It Is Well

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As most families have to, ours experienced tragedy last week. My 18-year-old cousin decided to take her own life. When I found out, I was, of course, heartbroken. How could a girl barely out of high school think things were so bad before she even lived a quarter of her life?

Though sad, I didn’t cry when the news came to me. I just sat in disbelief, and then prayed for my aunt and uncle, as their loss of a child was much more devastating than my loss of a cousin. When I later got home for my lunch break I told Lisa, “Well… my cousin committed suicide today.”

Then I broke.

Saying it out loud was a whole lot different than reading it in a text message, and the tears just wouldn’t stay in. My heart ached. Fighting through the water-works, and trying to talk to my wife, I realized my pain wasn’t necessarily rooted in losing a family member (though that obviously was part of it). I was hurting because suicide struck my family again.

My grandfather attempted to take his life multiple times before I was born, and several times after that. He finally succeeded when I was about five. Being so young I don’t really remember it. But unfortunately other family members and friends have attempted since then. This may have been the first time someone close to me succeeded, but part of me feels like a pro in hearing news that someone has tried.

And that’s the place my tears were drawing from. A handful of phone calls or text messages saying, “So and so is in the hospital. They tried to commit suicide” building up over the years, and culminating in somebody I love actually succeeding in their attempt. The bulk of these tears weren’t of a lost loved one, these were tears of unanswered questions.

God, why does my family hate themselves so much? Why are they depressed? Why do they turn to alcohol or drugs? Why do they turn to suicide?

Ironically, three hours after receiving the text message saying my cousin was dead, I was running sound at a memorial service. This man looked to be in his seventies, and had died of a heart attack. Quite the contrast from the memorial my family was now planning. But seeing the family pour into the chapel, hugging each other, sharing stories and tears, warmed my heart a bit. In the pain of losing someone we care deeply for, you get to see all of the lives they touched and affected when family and friends gather to celebrate their passing.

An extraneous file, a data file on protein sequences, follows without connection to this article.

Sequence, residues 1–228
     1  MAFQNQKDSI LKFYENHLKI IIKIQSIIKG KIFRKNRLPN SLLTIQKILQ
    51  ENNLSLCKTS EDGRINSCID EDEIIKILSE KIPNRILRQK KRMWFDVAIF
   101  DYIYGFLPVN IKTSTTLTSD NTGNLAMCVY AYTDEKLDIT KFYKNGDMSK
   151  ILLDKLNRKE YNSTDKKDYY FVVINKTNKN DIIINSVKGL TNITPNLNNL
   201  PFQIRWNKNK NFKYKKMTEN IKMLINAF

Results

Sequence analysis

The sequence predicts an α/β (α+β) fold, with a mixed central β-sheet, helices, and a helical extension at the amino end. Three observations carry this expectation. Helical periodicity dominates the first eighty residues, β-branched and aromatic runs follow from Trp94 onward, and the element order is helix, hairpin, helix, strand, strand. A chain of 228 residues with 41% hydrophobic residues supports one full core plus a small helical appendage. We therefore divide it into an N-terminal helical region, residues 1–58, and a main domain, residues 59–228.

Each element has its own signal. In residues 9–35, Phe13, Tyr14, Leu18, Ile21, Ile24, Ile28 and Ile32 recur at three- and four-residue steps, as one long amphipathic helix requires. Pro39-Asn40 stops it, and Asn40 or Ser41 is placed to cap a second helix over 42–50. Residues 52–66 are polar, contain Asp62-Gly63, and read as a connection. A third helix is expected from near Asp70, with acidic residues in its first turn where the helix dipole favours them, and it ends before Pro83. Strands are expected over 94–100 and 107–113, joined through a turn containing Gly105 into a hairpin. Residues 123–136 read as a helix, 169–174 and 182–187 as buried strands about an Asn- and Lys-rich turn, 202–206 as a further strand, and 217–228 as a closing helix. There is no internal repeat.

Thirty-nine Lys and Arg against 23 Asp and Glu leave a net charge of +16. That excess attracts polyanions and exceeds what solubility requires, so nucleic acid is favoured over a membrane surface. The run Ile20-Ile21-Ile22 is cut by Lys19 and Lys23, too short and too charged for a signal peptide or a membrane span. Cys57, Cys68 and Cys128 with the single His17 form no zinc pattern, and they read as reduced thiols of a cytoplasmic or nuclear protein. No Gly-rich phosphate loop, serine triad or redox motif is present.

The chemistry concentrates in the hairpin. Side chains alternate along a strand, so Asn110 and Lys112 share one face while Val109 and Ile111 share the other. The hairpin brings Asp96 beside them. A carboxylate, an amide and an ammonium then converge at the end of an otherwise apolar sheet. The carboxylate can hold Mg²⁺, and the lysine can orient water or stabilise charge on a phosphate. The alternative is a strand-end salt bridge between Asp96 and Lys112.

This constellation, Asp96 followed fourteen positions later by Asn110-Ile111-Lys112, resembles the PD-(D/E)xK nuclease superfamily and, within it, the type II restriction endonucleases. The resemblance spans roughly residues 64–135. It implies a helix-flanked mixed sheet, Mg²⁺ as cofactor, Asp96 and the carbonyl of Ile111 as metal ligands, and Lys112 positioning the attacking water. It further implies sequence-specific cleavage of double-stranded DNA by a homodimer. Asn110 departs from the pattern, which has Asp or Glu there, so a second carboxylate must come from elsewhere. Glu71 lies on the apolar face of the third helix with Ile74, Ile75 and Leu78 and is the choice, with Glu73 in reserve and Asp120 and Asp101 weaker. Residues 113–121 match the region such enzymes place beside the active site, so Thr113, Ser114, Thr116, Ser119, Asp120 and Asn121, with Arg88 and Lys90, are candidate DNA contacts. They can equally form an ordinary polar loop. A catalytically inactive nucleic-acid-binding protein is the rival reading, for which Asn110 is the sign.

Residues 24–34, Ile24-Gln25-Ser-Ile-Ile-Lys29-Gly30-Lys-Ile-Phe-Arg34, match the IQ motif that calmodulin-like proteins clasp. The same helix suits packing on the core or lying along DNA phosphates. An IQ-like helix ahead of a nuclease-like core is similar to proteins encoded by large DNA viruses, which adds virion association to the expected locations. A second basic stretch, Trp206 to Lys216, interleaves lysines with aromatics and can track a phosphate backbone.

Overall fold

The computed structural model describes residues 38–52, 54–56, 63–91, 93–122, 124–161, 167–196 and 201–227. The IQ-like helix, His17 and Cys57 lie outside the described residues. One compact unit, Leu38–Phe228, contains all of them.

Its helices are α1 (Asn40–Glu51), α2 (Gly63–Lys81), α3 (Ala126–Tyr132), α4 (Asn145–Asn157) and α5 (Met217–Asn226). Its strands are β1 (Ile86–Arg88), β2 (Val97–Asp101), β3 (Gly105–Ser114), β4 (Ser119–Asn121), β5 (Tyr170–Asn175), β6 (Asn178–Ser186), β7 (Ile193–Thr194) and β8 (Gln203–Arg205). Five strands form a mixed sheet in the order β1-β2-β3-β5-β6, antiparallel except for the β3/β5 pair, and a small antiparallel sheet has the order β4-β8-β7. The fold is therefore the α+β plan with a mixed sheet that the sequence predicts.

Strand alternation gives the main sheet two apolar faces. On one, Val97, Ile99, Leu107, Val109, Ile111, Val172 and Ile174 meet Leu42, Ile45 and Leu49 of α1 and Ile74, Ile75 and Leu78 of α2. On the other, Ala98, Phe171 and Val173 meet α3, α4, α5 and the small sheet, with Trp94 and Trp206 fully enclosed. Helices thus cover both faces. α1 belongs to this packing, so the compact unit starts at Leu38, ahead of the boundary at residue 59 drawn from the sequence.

An older lady sat down at the piano and started playing lightly as people found their seats. Tears started to gather in the corners of my eyes again when I recognized the tune. I prayed, “Dear God, please don’t let people notice the weird sound guy crying by himself in the sound booth.” But I quietly sang along with the pianist, letting the Holy Spirit wash over me, and remind me that God is still God. Whatever I may face in life, it is well with my soul.

When peace, like a river, attendeth my way,
When sorrows, like sea billows roll;
Whatever my lot, Thou has taught me to say,
It is well, it is well with my soul

My sin, oh, the bliss of this glorious thought!
My sin, not in part but the whole,
Is nailed to the cross, and I bear it no more,
Praise the Lord, praise the Lord, O my soul!

And Lord, haste the day when my faith shall be sight,
The clouds be rolled back as a scroll;
The trump shall resound, and the Lord shall descend,
Even so, it is well with my soul.

5 thoughts on “It Is Well

  1. Adam, this is so beautiful! What a wonderful testimony and what a beautiful way to memorialize Esther. I ache for you and I agree with your sadness about the state of affairs that seems to exist in our family. So much brokenness. And yet, mixed in with all that pain and trauma and loss–a young man like you emerges to remind us all that God is a redeemer and no matter how dark things look, He bring light out of the darkness. And it will be well with our souls. Love you, H

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